Beamline P09 is located at the third-generation synchrotron source PETRA III at DESY, which became operational in 2009 (Balewski et al., 2004). The PETRA III storage ring has a circumference of 2.3 km. It accommodates nine straight sections corresponding to nine sectors in the experimental hall covering one-eighth of the ring circumference. In total, 14 beamlines are installed using canted 2 m undulators with a canting angle of 5 mrad in five sectors, 5 m undulators in three sectors and a 2 × 5 m undulator in the first sector.
PETRA III sets itself apart from other synchrotron sources owing to its low horizontal emittance of 1 nm rad. The lower emittance directly translates into a reduced horizontal photon source size and beam divergence and into a high brilliance for all beamlines. PETRA III operates at 6.084 GeV ring energy. The ring current is injected in top-up mode with 480 (eventually 960) bunch-filling patterns and 100 mA ring current in normal operation. Reduced bunch modes with 60 and 40 bunches are used for timing experiments.
P09 is located at sector 6 of the PETRA III experimental hall. It shares the sector with beamline P08, the High-Resolution Diffraction beamline (Seeck et al., 2012). The two beamlines use two separate undulators canted by an angle of 5 mrad. The undulators are placed in a high-β section of the storage ring, where the calculated r.m.s. photon source sizes and divergences at 8 keV are 140.8 µm × 5.2 µm (H × V) and 9.4 µrad × 6.5 µrad (H × V), respectively. At P09, a 2 m-long U32 spectroscopy undulator is used with a period length of λU = 31.4 mm and a peak field of B0 = 0.91 T (Barthelmess et al., 2008). It generates a continuous energy spectrum via gap scanning with a transition from the first to third harmonic at an energy of 8.8 keV as shown in Fig. 1. The lowest gap size is 9.8 mm, allowing for a minimum energy of 2.7 keV at the first harmonic. Water-cooled power slits in the beamline front-end are used to shape the beam and to reduce the heat load by cutting off the low-energy halo around the central cone.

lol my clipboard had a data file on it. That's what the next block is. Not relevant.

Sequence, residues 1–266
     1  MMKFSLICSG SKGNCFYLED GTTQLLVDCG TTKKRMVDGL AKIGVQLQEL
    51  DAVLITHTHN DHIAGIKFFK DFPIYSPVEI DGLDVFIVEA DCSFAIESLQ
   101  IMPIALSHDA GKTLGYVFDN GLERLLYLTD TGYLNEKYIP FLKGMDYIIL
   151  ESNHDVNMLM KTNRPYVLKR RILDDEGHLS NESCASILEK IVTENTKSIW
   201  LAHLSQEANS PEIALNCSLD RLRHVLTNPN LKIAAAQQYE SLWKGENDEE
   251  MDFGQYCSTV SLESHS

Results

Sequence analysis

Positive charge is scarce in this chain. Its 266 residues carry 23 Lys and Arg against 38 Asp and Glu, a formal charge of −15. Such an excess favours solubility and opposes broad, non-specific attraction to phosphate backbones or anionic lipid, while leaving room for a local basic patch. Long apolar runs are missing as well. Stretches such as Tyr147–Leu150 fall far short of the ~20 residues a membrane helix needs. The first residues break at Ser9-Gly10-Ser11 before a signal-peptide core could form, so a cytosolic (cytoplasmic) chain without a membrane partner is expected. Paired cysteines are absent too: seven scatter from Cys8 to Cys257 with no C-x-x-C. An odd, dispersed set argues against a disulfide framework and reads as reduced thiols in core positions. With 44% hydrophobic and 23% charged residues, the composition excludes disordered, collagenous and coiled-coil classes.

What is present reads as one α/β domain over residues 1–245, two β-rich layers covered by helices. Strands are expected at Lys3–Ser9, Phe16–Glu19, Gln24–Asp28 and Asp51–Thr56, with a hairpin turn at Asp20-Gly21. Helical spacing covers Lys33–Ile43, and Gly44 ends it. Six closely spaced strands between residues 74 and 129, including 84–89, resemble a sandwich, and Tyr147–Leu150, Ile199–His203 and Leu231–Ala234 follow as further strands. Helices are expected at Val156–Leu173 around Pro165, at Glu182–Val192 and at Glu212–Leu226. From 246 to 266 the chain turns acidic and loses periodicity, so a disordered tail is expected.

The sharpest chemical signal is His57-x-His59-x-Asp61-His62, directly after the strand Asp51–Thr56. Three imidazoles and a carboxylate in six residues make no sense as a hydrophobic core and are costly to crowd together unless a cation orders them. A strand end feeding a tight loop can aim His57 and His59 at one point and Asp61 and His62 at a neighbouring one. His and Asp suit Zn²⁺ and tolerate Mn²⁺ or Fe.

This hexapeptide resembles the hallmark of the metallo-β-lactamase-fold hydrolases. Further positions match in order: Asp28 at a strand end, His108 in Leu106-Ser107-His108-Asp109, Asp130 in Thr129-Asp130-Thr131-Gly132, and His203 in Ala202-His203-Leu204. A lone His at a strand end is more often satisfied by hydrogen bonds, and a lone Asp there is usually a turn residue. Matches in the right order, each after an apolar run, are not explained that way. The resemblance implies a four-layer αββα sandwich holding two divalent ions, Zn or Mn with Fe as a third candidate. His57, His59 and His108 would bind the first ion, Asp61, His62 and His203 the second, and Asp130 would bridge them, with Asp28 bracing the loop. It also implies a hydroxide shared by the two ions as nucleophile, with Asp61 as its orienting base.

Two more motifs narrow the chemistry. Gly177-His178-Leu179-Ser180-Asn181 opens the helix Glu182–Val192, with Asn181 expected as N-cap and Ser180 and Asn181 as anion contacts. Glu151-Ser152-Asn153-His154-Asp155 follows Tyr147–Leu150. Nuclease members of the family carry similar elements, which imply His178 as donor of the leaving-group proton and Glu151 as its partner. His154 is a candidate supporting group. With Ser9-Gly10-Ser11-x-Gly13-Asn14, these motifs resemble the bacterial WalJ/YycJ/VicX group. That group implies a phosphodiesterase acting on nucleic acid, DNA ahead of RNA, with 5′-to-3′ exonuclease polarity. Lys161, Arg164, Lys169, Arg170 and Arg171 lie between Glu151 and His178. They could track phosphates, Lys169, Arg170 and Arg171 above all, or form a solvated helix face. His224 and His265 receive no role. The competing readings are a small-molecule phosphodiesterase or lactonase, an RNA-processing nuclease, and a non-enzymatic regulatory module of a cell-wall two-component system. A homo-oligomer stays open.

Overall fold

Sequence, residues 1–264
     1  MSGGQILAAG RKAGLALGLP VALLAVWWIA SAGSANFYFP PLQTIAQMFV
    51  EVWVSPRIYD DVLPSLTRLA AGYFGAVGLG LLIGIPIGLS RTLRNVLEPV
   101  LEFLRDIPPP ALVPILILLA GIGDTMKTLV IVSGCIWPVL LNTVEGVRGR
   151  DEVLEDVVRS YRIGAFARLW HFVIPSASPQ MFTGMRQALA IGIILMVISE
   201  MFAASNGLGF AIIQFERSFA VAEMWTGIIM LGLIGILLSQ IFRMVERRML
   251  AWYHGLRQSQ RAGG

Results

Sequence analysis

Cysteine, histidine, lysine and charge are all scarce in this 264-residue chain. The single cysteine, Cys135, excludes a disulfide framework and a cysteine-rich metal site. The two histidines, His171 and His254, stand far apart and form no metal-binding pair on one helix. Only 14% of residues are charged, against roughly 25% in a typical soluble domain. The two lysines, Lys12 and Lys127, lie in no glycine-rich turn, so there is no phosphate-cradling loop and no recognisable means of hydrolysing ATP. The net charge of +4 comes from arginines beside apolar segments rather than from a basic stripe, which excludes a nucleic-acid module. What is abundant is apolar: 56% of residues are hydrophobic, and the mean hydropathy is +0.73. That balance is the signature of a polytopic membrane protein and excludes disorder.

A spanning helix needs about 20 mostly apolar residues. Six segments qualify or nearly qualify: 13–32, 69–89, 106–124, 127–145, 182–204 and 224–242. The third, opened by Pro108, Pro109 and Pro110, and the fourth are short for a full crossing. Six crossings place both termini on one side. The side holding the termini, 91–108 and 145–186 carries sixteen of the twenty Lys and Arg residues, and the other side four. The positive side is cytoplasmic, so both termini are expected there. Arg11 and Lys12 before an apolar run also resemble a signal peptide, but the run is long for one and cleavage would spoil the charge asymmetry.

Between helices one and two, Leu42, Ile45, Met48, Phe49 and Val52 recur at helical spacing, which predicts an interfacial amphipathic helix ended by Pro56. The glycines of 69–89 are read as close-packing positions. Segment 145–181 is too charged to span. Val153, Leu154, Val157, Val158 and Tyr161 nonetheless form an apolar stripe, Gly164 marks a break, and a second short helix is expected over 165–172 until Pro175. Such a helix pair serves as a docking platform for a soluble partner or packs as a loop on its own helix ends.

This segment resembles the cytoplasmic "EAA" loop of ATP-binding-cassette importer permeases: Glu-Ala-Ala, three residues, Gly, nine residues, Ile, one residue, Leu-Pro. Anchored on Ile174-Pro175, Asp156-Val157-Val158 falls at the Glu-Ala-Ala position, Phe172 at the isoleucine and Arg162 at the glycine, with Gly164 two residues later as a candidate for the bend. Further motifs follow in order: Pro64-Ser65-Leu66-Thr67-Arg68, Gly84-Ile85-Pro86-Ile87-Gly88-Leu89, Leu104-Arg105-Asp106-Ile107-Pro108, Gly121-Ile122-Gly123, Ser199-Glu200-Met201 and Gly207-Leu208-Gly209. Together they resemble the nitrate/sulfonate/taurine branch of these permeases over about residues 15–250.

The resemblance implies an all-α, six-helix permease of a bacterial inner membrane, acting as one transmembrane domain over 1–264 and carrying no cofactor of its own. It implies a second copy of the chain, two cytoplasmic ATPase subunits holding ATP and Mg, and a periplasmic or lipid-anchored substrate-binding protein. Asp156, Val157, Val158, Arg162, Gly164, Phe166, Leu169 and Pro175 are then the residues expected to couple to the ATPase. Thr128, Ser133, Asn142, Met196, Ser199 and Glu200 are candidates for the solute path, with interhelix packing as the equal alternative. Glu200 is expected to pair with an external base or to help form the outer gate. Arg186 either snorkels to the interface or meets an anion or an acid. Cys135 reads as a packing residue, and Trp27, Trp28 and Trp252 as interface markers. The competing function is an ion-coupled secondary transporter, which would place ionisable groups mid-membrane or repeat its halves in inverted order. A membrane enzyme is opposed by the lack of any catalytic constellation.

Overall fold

In Fig. 2 we show the different optical elements at P09 and their distances from the source. The optics hutch P09-OH starts at 45.2 m. The first component is the high-heat-load double-crystal fixed-exit monochromator (DCM) (FMB Oxford, Osney Mead, UK) located at 46.5 m. The vertical offset of the monochromatic beam relative to the white beam is 21 mm. A horizontal translation of the whole monochromator tank perpendicular to the beam allows switching between Si(111) or Si(311) crystal pairs. Both pairs are cryogenically cooled with liquid N2. Because of the smaller Darwin width of the Si(311) Bragg reflection, the energy resolution can be improved by almost a factor of five when using Si(311) instead of Si(111) at the expense of a factor of five in photon flux. The energy bandwidth is = 1.3 × 10−4 and = 0.28 × 10−4 or in absolute units 1 (0.5) eV and 0.2 (0.1) eV, respectively, at 8 (4) keV. The lowest energy at which Si(311) crystal pairs can be used is 5.2 keV, corresponding to a maximum monochromator angle of currently 46.7°. Quad beam position monitors (QBPMs) (FMB-Oxford) at 51 m in P09-OH and at 72.6 m in the first experimental hutch (P09-EH1) equipped with 0.5 µm Ni and Ti foils can be used to stabilize the beam position as well as its direction by adjusting position and pitch of the second monochromator crystal. Downstream of the monochromator at 49.7 m, the double phase-retarder set-up can be used to vary the polarization of the incident monochromatic beam. It is followed by two 1 m-long vertically reflecting mirrors at 52.3 and 54.4 m used for focusing and higher harmonics rejection. The position of the sample at the center of rotation of the diffractometers is at 76.7 m in P09-EH1 and at 86.5 m in P09-EH2. The vacuum at the optical components is maintained at pressures below 10−7 mbar up to the 20 µm-thick diamond X-ray window (Diamond Materials, Freiburg) at the entrance to P09-EH1. In P09-EH1, 3 m in front of the sample position, a third 300 mm-long quartz mirror is available to further suppress higher harmonics in the low-energy regime below 4 keV. Additional focusing at fixed energy can be achieved using compound refractive lenses (CRLs) (Lengeler et al., 1999). In the following, the double phase-retarder set-up, the double mirror set-up and the CRL set-up are explained in more detail.